Grandparents Raising Asperger's Grandchildren


Are there many other grandparents like me helping to raise kids with Aspergers? And what qualities do you think we bring to this task?


There are many grandparents, aunts, uncles and other family members who are involved in helping to raise kids with Aspergers (high-functioning autism). The degree to which relatives are involved in the care of the kids can vary greatly, but grandparents often have a special place in kid’s hearts.

Grandparents bring a unique set of skills to the raising of their grandkids. Many grandparents have the ability to spend a great deal of time with their grandkids because they are retired or have cut back on their work schedule. This gift of time is typically accompanied by patience. Parents are often harried, rushing from here to there to get things accomplished according to the schedule. Grandparents often don’t have those pressures. This gift of time and patience can be especially important to a youngster with Aspergers. Grandparents can often ease the chaos of transition periods for a youngster with Aspergers. Grandparents are often more patient when explaining something or encouraging a youngster to try a new experience.

Grandparents often have reached a place in their lives where they care less about what other people’s perceptions of them are. This can be a special gift when raising a youngster with Aspergers. Grandparents tend to be more accepting and less embarrassed by public outbursts or tantrums, or even behaviors that might strike others as odd.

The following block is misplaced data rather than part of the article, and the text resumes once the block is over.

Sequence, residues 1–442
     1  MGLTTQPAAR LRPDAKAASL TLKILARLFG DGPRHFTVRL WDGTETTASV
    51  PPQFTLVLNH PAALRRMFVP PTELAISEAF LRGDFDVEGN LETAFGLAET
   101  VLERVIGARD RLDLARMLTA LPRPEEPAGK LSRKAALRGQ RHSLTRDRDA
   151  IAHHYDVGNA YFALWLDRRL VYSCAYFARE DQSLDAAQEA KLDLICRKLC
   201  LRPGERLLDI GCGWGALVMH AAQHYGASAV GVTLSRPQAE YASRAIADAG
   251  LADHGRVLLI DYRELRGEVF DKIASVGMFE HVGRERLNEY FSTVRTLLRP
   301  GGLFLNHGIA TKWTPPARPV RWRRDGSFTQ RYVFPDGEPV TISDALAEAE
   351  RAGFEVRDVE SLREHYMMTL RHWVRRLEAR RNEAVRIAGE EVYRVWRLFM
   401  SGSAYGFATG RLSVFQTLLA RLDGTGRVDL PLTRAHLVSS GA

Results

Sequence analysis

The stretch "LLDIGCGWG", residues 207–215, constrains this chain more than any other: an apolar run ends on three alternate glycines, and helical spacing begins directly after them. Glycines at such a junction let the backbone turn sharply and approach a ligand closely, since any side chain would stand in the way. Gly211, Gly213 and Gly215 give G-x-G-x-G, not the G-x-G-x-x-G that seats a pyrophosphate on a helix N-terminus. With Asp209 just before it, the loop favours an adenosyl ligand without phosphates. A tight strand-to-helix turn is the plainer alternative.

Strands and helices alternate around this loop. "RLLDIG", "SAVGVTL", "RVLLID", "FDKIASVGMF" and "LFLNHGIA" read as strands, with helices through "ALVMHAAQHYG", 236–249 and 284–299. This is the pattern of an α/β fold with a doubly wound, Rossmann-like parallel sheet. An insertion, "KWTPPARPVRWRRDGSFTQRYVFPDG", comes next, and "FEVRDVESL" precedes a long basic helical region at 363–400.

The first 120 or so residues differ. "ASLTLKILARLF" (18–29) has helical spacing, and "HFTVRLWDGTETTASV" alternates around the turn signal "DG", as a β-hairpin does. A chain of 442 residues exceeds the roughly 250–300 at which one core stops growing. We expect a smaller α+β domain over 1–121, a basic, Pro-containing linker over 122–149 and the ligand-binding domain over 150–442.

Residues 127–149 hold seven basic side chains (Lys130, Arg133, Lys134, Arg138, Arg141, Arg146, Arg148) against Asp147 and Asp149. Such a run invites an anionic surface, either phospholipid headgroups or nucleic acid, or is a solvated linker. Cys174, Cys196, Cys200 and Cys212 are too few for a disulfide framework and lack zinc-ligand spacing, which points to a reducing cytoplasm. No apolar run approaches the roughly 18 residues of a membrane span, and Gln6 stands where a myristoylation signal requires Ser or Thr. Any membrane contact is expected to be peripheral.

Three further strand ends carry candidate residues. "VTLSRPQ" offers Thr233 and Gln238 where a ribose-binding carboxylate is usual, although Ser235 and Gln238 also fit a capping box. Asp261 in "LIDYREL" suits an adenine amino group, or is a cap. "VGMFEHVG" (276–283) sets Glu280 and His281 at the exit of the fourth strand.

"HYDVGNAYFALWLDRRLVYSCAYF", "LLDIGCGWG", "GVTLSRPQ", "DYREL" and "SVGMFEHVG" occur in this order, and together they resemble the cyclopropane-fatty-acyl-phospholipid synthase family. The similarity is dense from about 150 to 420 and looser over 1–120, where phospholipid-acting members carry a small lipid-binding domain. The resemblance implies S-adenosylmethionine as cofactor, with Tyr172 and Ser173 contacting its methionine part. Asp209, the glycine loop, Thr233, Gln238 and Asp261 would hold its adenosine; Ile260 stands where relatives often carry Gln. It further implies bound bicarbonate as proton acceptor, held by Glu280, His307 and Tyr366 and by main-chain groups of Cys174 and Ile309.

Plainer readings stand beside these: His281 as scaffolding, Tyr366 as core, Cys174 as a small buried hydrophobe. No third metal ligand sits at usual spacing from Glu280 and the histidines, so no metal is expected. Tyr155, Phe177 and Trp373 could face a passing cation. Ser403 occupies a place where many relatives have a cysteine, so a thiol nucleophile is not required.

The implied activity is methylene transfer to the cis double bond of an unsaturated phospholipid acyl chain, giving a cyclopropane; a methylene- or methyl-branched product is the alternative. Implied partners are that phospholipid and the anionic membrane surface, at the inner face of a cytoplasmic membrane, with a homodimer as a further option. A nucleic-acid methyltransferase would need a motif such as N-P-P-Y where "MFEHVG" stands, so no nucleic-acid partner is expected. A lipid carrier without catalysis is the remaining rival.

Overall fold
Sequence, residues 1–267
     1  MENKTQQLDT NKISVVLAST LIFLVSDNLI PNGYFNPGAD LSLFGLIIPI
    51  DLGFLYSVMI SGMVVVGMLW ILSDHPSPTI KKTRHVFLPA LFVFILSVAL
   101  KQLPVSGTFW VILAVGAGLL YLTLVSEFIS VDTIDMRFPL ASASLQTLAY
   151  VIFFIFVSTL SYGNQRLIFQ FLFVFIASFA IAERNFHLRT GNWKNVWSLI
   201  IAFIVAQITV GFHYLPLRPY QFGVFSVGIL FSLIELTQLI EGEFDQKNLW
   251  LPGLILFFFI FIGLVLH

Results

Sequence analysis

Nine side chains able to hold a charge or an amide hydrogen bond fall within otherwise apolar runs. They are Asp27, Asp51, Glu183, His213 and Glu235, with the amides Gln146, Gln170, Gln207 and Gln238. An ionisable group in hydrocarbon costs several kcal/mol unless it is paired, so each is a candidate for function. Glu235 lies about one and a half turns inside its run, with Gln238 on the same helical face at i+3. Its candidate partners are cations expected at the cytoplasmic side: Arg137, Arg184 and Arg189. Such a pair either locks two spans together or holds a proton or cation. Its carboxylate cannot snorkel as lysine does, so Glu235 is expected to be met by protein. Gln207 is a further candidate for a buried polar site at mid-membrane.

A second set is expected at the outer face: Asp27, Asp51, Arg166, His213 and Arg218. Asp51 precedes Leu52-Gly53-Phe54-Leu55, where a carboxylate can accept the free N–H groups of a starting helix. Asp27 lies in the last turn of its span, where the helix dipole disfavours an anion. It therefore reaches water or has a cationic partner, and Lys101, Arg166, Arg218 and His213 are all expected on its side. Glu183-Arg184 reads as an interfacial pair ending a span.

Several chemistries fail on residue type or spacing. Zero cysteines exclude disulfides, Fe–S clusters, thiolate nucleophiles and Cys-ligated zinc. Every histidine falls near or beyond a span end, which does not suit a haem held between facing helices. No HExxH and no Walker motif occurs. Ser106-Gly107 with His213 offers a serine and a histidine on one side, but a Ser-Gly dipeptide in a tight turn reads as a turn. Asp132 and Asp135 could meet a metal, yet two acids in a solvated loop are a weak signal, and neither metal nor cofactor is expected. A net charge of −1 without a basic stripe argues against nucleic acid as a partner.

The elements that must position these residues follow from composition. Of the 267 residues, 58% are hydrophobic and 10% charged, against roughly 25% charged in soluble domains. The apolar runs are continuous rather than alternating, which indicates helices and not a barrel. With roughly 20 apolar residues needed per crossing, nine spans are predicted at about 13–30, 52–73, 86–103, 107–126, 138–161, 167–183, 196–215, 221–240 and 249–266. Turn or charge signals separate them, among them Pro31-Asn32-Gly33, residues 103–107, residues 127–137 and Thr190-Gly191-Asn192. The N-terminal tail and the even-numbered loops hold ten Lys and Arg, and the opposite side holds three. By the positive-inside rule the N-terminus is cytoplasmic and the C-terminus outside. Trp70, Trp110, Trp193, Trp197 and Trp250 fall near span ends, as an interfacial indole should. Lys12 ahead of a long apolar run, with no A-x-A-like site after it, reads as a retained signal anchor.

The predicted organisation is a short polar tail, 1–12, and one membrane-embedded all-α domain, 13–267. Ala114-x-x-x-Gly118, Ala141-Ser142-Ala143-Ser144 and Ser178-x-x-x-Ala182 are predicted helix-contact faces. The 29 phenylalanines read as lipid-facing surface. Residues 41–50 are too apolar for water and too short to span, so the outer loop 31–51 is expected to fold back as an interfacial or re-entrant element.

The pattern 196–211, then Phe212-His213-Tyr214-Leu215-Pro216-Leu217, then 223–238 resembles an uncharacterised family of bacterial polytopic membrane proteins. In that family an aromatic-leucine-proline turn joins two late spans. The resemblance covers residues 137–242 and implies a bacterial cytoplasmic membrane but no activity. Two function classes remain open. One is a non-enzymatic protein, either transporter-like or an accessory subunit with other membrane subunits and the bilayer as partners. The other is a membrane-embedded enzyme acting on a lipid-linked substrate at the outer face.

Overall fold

Grandparents often have more time to try to develop new and different ways to relate to a youngster with Aspergers. They are often less discouraged when a strategy meets with failure and tend to look at the big picture, rather than the small detail.

Grandparents can be a gift not only to the kids with Aspergers but also to their moms and dads. They can function as trusted caregivers for their kids, as well as being a sounding board for concerns or fears or frustrations the parents may have. Sometimes, simply being there for the parents and offering support can be very important.

The Aspergers Comprehensive Handbook

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